Mother of comatose British boy says hospital will soon stop care

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LONDON (TUSEN) – The family of a 12-year-old boy who has been in a coma for four months expects a London hospital to begin stopping life-prolonging treatment on Saturday after his parents exhausted their legal options in a battle for his care. .

Archie Battersbee’s mother, Hollie Dance, said hospital officials informed the family that they would stop treating the boy at 10 a.m. Friday. intervene in the case.

Dance told Britain’s Sky News that the family could do nothing else and that she was “quite broken” after the ordeal that began on April 7, when Archie was found unconscious.

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“I did everything I promised my little boy I would do,” she said with tears in her eyes.

The Royal London Hospital, where Archie was treated, has not confirmed Dance’s statement.

Archie’s concern became the subject of weeks of legal disputes as his parents tried to force the hospital to continue life-prolonging treatments and doctors argued there was no chance of recovery and he should be allowed to die.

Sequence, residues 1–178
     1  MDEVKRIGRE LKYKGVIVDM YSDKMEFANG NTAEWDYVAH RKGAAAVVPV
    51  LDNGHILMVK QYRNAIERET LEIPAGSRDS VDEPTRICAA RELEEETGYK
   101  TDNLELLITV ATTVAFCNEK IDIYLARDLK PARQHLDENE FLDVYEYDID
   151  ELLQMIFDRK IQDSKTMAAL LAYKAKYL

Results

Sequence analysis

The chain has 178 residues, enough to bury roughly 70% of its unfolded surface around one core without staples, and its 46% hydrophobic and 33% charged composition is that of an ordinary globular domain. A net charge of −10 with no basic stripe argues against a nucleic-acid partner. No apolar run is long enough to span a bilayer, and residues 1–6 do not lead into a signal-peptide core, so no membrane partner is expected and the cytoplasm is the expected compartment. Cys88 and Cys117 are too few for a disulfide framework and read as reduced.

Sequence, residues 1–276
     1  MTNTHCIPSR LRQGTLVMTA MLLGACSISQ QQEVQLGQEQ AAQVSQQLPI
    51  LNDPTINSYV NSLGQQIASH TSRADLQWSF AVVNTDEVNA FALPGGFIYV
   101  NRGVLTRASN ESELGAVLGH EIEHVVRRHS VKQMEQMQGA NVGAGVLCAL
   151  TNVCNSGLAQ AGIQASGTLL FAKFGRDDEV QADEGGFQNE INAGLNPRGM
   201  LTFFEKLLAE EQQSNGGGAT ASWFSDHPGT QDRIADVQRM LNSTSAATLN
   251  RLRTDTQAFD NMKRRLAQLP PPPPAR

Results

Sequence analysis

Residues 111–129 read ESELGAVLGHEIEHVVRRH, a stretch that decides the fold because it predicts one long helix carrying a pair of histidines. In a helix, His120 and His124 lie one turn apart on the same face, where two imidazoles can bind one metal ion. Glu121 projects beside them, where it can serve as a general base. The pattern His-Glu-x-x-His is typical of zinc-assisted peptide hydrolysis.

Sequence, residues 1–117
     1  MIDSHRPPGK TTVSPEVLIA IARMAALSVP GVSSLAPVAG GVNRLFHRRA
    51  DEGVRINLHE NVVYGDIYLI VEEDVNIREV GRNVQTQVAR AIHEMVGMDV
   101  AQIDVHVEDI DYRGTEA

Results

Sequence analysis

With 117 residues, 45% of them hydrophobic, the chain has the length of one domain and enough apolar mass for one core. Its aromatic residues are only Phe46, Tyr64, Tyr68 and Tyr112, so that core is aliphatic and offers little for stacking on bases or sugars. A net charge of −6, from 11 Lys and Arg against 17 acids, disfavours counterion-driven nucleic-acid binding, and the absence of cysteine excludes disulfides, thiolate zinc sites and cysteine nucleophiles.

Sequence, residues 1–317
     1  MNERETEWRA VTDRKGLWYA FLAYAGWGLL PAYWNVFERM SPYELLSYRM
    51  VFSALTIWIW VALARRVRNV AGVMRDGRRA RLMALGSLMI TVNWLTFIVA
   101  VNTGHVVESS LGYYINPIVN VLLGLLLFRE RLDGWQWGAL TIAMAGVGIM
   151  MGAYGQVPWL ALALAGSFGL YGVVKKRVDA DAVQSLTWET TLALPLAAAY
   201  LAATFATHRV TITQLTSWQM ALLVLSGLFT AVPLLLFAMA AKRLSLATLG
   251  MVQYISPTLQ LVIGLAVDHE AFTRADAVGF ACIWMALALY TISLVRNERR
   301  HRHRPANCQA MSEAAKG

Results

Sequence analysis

The family requested permission to move Archie to a hospice after British courts ruled it was in his best interest to end treatment. The hospital said Archie’s condition was so unstable that moving him would hasten his death.

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On Friday, Supreme Court Justice Lucy Theis rejected the family’s request, saying Archie should remain in the hospital while treatment was halted.

“I return to where I started and recognize the enormity of what lies ahead for Archie’s parents and family. Their unconditional love and devotion to Archie is a common thread that runs through this case,” Thies wrote in her conclusion. “I hope Archie now has the chance to die in peaceful circumstances, with the family who meant as much to him as he clearly does to them.”

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The dispute is the latest British case in which doctors’ verdicts go against families’ wishes. Under UK law, it is common for courts to intervene when parents and doctors disagree about a child’s medical treatment. In such cases, the best interests of the child take precedence over the parents’ right to decide what they believe is best for their offspring.

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